xed but has a rate of change  W in the space.xed frame. the rotational motion of an asymmetric body. changes with time in a space. n. by an amount W in time : d dt d W =  ^W !dt d and hence that if W is not body. even for an asymmetric body one sometimes speaks of the moment of inertia about ^ ^ ^ ^ some speci c axis. What is the moment of inertia of this cube? Why can we talk of the moment of inertia when we strictly speaking have a tensor? In fact. Choose the coordinate system most convenient to you. Show that one can equally well express it as v =  r where is an antisymmetric tensor with components: a : : : !: ! ! !  0 ! !z !y !x 0 !z !y ! 0 !x 4 vii Show that any vector W.xed frame obeys  d W body . the vector =dt W space =  W body + =dt d =dt ! ^W : 5 B.a light cubic frame of side . this does not o er a complete description. 3 . The velocity of a point in the body is v = ^ r. Principal Axes and Precession We now use the above results to solve simply a di cult problem. say. constant with respect to axes xed in the body. This is written as n I n and gives the ratio of the n component ^ ^ ^ of angular momentum L n to the n component of angular velocity  n. Since in general ^ L has components which are not parallel to n. vi Angular velocity: A body rotates about an axis through its centre of mass with an angular velocity .

v For the inertia tensor of the square frame found in question i.i What is the inertia tensor of four point masses M xed at the corners of a massless square frame of side a? What are the principal axes. and so  for an arbitrary motion the inertia tensor Iijsp in space. trivially.xed frame involves an angular  velocity ! which changes in time.xed axes. and principal moments of inertia? Why are two of the axes indeterminate? This is an example of a nontrivial body unlike the sphere or cube where the principal moments of inertia are not all the same. I2.xed frame the principal frame of Iij . by taking as the body. Show from 5 that in the body frame L obeys dL=dt = ! ^ L 6 iv Deduce that Iij !j = _ ijk !j Ikl !l and show that. Show that in general the motion of a nontrivial body whose angular momentum Lsp is conserved in a space. I3 are the principal moments of inertia. i iii The problem of nding ! for a body of xed angular momentum not parallel to a principal axis is best solved by adopting a body frame where the inertia tensor is constant. it is proportional to ij . ii It is clear from 1 that in general I for a body is constant in body. I1 = I2 such a body 4 .xed axes is not constant unless. Now L need not be parallel to ! for a body whose angular momentum is conserved the result is free precession of the angular velocity see iii below. Hint: consider Lsp = Iijsp!j . this can be simpli ed to I1 !1 = !2 !3 I3 I2 _ I2 !2 = !3 !1 I1 _ I3 !3 = !1 !2 I2 _ I3 I1 where I1.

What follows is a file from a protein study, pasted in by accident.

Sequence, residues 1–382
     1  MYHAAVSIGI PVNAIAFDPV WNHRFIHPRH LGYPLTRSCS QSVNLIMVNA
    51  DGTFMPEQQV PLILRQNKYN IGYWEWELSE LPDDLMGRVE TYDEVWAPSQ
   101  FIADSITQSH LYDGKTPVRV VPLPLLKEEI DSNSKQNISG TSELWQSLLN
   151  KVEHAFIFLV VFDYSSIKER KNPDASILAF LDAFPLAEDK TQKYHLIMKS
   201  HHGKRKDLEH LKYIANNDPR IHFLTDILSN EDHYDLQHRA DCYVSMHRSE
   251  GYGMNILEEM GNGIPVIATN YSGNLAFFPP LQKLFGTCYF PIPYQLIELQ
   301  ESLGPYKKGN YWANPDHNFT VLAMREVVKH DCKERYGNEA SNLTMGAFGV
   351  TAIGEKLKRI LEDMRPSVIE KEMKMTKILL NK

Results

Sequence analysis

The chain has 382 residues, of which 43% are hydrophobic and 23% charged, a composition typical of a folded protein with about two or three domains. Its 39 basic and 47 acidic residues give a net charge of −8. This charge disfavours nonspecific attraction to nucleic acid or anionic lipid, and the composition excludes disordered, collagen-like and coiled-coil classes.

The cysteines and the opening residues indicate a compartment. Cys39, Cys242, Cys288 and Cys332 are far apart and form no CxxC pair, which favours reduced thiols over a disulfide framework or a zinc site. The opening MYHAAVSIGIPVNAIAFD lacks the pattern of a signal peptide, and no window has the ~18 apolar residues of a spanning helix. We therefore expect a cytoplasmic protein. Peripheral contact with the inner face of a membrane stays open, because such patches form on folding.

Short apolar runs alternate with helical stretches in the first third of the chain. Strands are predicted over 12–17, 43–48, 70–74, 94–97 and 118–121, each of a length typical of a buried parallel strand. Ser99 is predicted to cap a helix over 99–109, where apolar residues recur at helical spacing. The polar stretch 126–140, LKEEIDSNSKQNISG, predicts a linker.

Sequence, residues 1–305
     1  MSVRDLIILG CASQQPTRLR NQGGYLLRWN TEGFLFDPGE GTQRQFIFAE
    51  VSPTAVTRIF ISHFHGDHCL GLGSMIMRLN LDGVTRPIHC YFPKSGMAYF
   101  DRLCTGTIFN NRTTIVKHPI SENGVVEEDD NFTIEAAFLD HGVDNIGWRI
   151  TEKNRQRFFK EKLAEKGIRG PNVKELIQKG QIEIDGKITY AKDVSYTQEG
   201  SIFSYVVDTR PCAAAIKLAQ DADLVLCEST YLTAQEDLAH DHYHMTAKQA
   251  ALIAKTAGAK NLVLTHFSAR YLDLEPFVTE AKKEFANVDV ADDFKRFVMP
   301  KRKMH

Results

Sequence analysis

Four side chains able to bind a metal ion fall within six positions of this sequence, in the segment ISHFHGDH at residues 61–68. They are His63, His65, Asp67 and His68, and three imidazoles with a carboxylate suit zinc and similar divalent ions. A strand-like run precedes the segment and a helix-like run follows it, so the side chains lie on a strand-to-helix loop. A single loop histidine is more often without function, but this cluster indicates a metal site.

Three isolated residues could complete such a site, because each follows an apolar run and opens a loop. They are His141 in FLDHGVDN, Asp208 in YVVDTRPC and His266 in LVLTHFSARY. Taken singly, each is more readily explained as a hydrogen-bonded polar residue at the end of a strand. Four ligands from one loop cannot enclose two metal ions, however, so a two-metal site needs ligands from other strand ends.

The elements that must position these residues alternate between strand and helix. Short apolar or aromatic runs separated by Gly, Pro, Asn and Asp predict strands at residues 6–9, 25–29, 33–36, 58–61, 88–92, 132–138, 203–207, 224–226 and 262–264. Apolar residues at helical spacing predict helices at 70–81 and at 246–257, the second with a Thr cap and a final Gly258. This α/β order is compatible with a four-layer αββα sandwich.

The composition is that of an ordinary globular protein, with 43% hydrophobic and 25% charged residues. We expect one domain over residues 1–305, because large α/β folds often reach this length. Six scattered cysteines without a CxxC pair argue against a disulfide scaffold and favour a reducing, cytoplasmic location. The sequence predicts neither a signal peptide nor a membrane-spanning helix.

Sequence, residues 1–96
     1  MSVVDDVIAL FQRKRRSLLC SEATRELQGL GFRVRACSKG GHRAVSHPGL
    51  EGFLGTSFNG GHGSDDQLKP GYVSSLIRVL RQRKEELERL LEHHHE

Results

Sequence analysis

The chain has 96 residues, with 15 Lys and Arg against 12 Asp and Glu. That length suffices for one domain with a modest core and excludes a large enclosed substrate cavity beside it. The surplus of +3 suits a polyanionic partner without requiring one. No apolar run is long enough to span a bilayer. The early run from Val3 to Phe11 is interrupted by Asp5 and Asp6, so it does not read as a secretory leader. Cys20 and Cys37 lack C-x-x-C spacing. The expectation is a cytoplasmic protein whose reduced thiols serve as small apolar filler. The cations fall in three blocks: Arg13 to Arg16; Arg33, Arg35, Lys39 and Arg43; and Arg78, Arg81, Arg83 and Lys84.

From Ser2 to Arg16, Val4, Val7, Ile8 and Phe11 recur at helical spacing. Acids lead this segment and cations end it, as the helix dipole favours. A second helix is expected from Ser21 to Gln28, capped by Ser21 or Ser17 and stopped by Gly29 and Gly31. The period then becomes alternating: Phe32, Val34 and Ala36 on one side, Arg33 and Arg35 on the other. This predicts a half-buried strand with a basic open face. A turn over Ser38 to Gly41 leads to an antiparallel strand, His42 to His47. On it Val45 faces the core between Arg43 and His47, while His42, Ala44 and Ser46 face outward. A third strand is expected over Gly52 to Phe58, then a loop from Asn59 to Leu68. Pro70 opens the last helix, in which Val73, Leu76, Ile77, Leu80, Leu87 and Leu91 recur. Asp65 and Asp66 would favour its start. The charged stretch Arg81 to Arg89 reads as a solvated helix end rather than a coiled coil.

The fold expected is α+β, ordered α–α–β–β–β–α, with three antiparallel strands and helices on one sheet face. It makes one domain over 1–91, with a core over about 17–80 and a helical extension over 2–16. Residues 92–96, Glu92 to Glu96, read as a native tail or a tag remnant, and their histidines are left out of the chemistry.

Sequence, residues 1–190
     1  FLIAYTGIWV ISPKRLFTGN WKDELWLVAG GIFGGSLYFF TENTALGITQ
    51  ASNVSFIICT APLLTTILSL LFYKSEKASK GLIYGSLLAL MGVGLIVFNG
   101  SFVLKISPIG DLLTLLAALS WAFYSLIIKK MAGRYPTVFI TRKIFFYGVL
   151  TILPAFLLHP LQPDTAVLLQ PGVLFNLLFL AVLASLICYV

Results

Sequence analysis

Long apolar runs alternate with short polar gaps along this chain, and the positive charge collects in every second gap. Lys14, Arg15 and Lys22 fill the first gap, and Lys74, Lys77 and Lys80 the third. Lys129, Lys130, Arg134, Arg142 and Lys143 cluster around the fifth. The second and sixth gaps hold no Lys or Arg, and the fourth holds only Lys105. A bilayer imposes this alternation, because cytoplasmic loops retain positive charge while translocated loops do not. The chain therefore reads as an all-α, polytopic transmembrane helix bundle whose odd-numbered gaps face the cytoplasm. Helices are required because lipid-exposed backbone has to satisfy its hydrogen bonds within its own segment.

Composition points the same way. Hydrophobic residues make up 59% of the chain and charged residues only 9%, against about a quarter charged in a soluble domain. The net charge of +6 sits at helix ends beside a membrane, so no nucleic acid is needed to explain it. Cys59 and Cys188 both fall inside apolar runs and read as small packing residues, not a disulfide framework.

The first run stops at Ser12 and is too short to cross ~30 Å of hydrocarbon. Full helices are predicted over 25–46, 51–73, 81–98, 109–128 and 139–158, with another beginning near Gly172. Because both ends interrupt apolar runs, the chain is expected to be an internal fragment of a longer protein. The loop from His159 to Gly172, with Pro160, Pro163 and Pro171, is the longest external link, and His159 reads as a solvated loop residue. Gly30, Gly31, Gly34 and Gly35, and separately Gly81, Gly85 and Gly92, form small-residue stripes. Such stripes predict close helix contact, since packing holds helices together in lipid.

there can also be a shear force exerted in equal and opposite directions on the two sides of the element such a force lies in the plane of the element rather than normal to it. Prove for this case that ! precesses in the body frame according to !3 = const. since the element has no mass and would otherwise be subject to in nite acceleration. !1 = A cos t !2 = A sin t where = I3I1I1 !3. In the general case. These point in opposite directions.is known as a symmetric top". Show also that. 5 . Stress and strain tensors. there is a normal force on each side of the surface element PdS. C. and so con rm that ! is not a constant vector unless it happens to point along one of the principal axes. The corresponding moment of inertia is of order dx2dz2dy. Consider a small area element dS embedded at a point r in an isotropic liquid. In the case of a solid. For example the element xz of determines the x-force per unit area on an element of surface with its normal pointing in the zdirection: dFx = xz dSz . we can write dF =  dS 7 where is the stress tensor at the point r. i Show that a small box of sides dx dy dz experiences a couple  xz zxdx dy dz about the y axis. so the net force on the surface element is zero which is as it must be. For a surface element of general orientation dFx = xx dSx + xy dSy + xz dSz . If the material is subject to pressure P . Explain why this means that must be symmetric. C 1. if r is a function of position.

without distortion of the bit of matter near r. 6 . but has no dependence on R? iii Elasticity: For small deformations. What type of deformation does e represent? Why may we assume that the stress tensor depends on the strain tensor e.e. Since is symmetric. Eijkl has 21 independent components. ii Strain: Suppose a solid material is subjected to a small deformation r ! r + ur. the relation between them generally involves a tensor of the fourth rank: ij = Eijkl ekl 10 which is the generalization of Hooke's law to an arbitrary three-dimensional material. Hint: compare Eq. we may write dui = i @ui dr : @rj j j 9 Let us now decompose the tensor Uij @u into its symmetric and anti-symmetric parts: @r Uij eij = eij + Rij  1 = 2 Uij + Uji 1 U U  Rij = 2 ij ji Show that e is symmetric and R antisymmetric. Eijkl must be symmetric under exchange of i and j various other symmetries can be found from considering the form of the stored elastic energy. So long as the deformation depends continuously on position. Show also that R corresponds to a pure rotation i. but even when these are taken into account.then the net force on a nite piece of material is given by Fi j = Z @ ij dV : @rj 8 @ where in a conventional notation @r rj . but since both are described by second-rank tensors.4 in section A. we expect the stress and strain to be linearly related.